Cheers

Jules
My System SpecsSystem Spec
26 Oct 2010   #70
Night Hawk

W7 Ultimate x64/W10 Pro x64 dual boot main build-remote pc W10 Pro x64 Insider Preview/W7 Pro x64
 
 

Disk #3's OS primary is already active as you can easily see with one look at the snipping you took from the DM. You'll find the option for marking that active in the 7 boot drive's DM greyed out. To see that working again you would need to set that up as the Disk #0 long enough to perform a factory restorary as the default drive and move it over one notch as your second OS drive.

Disk #1 would be better in the Disk #2 spot as your main storage device. As far as cloning or restoring a disk image for an OS drive if the original installation saw itself as C that would be the drive letter the clone or restored image would see when booting into that drive.

The option for everything there however would have been seeing a clean install of 7 on the new drive which would have also seen a fresh registry and no hidden problems to suddenly come up on you rather then trying to expand into the large amount of unallocated drive space from cloning from a 200gb onto a 500gb drive. The drive could easily end up being seen as "raw" if the partition table information is lost.

To illustrate a multiboot setup across multiple drives that worked during the testing stages of the 7 RCs I still had this one from last year showing the first two drives as stand alone installs with the first unplugged for the second drive's install of the 64bit RC and followed by the custom install of the 32bit on a 3rd drive. Note one 500gb Green Power drive had been replaced by the two 1tb GPs and a new tb Black edition just before the retail release.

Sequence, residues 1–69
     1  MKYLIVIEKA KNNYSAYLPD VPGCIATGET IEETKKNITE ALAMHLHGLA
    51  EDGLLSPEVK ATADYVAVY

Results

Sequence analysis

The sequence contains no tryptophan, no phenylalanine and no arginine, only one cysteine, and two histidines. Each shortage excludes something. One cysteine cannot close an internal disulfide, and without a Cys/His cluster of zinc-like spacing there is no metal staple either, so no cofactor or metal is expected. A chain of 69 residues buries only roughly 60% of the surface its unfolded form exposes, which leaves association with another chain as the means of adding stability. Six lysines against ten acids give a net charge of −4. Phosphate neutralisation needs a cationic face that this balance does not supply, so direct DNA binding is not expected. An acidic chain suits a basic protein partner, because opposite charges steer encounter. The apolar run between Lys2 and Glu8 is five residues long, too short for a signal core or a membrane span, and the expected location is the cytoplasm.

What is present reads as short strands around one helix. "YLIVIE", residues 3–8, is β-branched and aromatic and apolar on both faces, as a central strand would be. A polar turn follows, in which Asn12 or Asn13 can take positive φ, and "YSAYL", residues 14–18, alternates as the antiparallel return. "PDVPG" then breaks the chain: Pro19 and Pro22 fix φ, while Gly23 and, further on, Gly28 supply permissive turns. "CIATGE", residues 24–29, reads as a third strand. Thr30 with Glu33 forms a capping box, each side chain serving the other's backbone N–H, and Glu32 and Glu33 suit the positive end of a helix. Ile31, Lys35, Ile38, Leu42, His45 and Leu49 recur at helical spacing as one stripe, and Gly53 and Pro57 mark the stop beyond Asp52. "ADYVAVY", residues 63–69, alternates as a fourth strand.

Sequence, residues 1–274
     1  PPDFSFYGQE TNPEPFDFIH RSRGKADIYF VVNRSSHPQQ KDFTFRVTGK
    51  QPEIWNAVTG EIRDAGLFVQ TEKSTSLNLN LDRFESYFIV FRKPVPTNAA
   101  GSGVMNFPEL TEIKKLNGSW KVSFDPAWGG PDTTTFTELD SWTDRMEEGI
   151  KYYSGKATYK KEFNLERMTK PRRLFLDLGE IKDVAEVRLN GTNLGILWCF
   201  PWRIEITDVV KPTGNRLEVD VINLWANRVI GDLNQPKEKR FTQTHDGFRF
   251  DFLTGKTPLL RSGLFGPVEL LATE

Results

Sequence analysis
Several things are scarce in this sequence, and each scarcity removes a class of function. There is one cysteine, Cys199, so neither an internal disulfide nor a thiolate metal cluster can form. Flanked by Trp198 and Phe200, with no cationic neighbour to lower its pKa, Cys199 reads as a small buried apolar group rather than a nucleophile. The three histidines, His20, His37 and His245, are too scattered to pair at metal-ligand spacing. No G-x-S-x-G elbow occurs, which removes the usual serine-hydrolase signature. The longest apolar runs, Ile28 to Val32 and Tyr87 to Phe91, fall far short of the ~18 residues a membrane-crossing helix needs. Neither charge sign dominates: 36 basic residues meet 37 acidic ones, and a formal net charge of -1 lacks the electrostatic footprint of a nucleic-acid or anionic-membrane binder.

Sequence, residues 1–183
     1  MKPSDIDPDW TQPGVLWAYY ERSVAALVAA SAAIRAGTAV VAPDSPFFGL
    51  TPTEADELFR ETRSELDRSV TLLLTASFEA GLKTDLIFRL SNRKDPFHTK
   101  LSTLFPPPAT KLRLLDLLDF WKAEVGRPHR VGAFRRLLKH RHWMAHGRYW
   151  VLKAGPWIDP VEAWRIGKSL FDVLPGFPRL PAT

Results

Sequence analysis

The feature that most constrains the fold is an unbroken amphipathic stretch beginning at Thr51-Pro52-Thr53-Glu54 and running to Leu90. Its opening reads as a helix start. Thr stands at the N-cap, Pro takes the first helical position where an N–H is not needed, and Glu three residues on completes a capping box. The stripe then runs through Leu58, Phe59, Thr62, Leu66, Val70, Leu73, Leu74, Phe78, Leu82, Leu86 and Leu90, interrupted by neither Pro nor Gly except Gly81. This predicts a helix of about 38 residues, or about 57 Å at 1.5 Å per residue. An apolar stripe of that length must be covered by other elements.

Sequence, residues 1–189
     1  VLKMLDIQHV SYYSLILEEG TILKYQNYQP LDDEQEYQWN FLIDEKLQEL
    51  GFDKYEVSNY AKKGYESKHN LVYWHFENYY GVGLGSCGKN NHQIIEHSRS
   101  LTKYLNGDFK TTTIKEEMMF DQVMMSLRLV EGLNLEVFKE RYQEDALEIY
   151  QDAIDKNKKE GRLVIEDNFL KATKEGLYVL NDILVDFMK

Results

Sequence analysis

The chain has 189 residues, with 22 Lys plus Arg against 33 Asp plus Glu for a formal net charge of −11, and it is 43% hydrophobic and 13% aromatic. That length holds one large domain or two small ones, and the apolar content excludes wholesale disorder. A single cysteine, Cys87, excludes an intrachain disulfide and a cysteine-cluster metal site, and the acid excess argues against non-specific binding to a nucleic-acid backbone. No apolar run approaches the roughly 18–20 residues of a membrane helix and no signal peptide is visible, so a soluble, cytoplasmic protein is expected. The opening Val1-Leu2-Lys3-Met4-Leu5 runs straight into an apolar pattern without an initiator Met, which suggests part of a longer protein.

The situation then was the 32bit installer not adding the second drive's RC into the changed boot options while having taken over as the default OS adding Disk #0's install there. The first drive still remained the boot drive. When inadvertently booting from the 64bit RC disk instead of the 32bit not knowing if a problem with detection was seen the startup repair (recovered) the second drive's RC and added that into the boot options.

Now removing one drive from the equation since you have four there:

Disk #0 = host/boot and default OS drive,
Disk #1 = OEM XP drive,
Disk #2 = Main storage(if planning to eventually remove original 7 drive) or source for clone.
Disk #3 = Second storage drive once clean install seen on host and WET Backup restored. (WET = Windows Easy Transfer)

Cloning drives as seen with businesses to identical drives not mixed sizes to save on costs and tech down time. The findings here when comparing full system images made and restored with the 7 option as well as with Macrium's Reflect and the free as well as full version of Acronis True Image saw the best and most reliable results when going to restore the host drive with the 7 Backup & Recovery option. And this is why the best option for having a reliable OS on the first drive and avoiding problems was the not so fast option of using the WET tool with a clean install.

As for the option to add the XP entry into the 7 BCD that wouldn't prevent selecting and booting into XP using the F key boot device menu to select the drive. You would need to back things up from that drive before the factory recovery option was used for XP however.


Attached Thumbnails
Safest Way to Clone Windows 7 Volume for Dual Booting-rc-testt-partitions-.jpg  
My System SpecsSystem Spec
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 Safest Way to Clone Windows 7 Volume for Dual Booting